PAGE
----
Movies of course are meant to be looked at, but they’re often not made to be looked at closely. What’s put up on the screen is there to distract the eye, not draw it in. We’re not meant to notice that what we’re looking at usually isn’t worth taking the trouble to watch because we’ve watched it a hundred times before in umpteen numbers of movies and TV shows.
The scene in Newman was talking about in The Player is as spooky and foreboding as he says, although I was more frightened on Tim Robbins’ character’s behalf because even though he’s the spy and Greta Scacchi plays the spied upon, the one whose privacy is being violated, Robbins is the one taking the risk of being caught, that is, exposed.
But the scene is constructed from dozens of beautiful images. The room Scacchi’s character, a painter and collage artist, is working in glows with the soft, watery blueness of her paintings and that blue is deepened and warmed where it reflects in the window panes. It’s pretty, but it’s importance isn’t revealed until a few scenes later when the effect is re-created in a movie Robbins and his fellow movie studio types are watching or, really, not watching but sort of looking at as they focus on the business of getting this movie and a bunch of others made. They don’t want to have to watch and it’s a point in the movie’s favor that they don’t have to watch it to know what’s going on.
Neither do we.
It’s a scene from a movie that’s instantly recognizable as yet another version of the kind of hard-boiled detective movie Hollywood cranks out the way McDonald’s does cheeseburgers with the same relation to the art of storytelling as those cheeseburgers have to the art of cooking. We can tell ourselves the whole movie from the three lines of dialog we’re given. The only thing about this scene that distinguishes it from any number of scenes like it in any number of other movies is that the two characters are played by Scott Glenn and Lily Tomlin and the prettiness of the lighting doesn’t change the fact that they are delivering performances that are as cliched as the seedy hotel room whose glowing blue window we’re looking at them through.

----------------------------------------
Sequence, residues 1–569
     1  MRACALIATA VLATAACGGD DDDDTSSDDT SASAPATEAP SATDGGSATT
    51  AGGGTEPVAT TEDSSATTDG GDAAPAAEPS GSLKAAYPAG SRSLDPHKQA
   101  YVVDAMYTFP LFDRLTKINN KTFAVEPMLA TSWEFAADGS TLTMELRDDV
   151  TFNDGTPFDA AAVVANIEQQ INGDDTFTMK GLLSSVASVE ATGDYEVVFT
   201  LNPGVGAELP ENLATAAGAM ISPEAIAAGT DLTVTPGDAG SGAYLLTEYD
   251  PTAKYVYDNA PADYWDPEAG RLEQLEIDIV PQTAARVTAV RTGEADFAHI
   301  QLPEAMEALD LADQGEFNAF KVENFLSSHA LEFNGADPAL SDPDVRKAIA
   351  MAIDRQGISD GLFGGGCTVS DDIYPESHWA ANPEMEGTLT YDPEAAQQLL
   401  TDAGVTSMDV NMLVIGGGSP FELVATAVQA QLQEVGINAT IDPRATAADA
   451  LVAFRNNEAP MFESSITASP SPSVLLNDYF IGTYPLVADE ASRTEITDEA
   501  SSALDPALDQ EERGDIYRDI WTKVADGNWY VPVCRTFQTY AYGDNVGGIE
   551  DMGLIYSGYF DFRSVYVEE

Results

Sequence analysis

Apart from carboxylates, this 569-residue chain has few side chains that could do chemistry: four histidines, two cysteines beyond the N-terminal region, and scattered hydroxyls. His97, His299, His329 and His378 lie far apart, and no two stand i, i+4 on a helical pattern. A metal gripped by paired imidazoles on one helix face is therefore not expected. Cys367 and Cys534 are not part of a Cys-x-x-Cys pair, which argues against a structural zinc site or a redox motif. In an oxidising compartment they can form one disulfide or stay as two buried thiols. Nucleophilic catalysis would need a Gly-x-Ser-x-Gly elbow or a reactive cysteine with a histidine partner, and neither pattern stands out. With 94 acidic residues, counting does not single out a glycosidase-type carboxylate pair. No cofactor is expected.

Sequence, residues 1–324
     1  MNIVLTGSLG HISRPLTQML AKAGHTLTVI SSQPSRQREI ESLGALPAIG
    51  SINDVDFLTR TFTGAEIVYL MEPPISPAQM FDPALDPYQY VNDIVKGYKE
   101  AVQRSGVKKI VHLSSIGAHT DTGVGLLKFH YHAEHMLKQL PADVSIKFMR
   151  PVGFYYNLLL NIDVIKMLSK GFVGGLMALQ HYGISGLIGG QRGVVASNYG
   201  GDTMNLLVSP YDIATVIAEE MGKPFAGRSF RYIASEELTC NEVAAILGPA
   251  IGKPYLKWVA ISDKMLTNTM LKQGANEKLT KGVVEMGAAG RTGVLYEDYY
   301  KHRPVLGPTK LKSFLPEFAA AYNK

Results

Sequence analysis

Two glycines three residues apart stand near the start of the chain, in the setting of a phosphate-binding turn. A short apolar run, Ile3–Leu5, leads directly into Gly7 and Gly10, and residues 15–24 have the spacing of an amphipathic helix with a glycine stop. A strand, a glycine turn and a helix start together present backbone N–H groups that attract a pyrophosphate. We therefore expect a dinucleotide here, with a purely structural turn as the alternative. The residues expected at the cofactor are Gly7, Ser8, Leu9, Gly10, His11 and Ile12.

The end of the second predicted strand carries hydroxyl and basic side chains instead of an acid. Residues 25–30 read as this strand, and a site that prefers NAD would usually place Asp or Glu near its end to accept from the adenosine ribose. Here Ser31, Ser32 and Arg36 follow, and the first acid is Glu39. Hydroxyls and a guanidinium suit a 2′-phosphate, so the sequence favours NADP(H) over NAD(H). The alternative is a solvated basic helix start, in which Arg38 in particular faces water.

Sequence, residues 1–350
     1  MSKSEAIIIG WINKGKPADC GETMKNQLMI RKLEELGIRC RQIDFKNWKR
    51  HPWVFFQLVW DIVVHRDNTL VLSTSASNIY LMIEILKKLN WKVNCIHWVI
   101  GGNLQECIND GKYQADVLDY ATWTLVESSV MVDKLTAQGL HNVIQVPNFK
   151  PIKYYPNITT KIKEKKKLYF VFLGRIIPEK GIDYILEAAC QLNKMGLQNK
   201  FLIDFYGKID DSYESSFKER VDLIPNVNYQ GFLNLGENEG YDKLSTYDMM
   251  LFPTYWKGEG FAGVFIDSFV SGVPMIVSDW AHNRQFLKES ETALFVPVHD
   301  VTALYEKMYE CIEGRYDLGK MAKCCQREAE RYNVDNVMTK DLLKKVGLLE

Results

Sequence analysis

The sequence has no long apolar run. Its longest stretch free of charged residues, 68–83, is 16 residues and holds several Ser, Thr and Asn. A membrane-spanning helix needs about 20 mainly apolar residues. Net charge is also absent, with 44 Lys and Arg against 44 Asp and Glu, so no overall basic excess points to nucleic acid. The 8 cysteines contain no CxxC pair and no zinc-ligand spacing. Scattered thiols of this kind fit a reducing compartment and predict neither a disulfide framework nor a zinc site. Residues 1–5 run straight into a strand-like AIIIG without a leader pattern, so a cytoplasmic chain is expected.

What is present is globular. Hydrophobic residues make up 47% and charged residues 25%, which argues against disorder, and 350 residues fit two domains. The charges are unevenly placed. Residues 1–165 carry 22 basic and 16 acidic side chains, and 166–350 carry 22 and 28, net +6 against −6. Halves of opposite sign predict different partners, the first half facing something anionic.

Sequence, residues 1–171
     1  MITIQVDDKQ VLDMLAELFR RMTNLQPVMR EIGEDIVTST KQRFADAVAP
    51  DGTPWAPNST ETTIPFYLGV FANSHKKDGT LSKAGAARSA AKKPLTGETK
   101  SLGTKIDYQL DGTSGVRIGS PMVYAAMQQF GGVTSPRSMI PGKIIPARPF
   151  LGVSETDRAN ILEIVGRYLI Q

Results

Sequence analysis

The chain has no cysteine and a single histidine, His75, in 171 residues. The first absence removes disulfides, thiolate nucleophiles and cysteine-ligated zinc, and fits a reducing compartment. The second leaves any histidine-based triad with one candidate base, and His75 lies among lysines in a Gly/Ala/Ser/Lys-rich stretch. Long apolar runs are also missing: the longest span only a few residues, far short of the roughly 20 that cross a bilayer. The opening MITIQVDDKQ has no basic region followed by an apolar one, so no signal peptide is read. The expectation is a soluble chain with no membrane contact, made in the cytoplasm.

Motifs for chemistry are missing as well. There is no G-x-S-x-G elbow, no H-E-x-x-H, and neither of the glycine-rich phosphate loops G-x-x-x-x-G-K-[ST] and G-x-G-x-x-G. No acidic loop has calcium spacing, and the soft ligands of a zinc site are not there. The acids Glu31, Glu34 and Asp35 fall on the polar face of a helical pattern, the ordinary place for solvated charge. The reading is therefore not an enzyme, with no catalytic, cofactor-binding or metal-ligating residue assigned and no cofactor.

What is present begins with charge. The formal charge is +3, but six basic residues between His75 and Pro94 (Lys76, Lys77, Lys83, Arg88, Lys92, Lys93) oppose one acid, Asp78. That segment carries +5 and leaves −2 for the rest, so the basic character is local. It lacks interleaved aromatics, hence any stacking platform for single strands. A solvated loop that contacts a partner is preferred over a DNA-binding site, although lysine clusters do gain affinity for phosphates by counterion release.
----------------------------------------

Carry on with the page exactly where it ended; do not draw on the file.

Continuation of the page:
In this kind of movie thriller movie stars have the same function as pretty or tricky cinematography, to give the audience some reason to think they’re seeing something new and different.
Altman’s whole career was devoted to giving the audience something actually different to see.
And, just to be cheeky, he followed that scene from a “fake” movie with a scene of his own that begins with a shot of Tim Robbins seen from a long way off through the glass doors of a hotel lobby.
And we’re back to Newman’s point about our vulnerability to the gaze of strangers’, as good as any starting place for tonight’s discussion, although feel free to start any place you want.
Extra butter on the popcorn for whoever ties any of this in with my post from this morning about Don DeLillo as a movie maker.
Friday morning: Called it a night around 11:30, but the comment thread’s still open and discussion’s ongoing. Feel free to add your thoughts to this thread or the ones on California Split and Thieves Like Us anytime.
Next week’s feature: Buffalo Bill and the Indians, or Sitting Bull's History Lesson.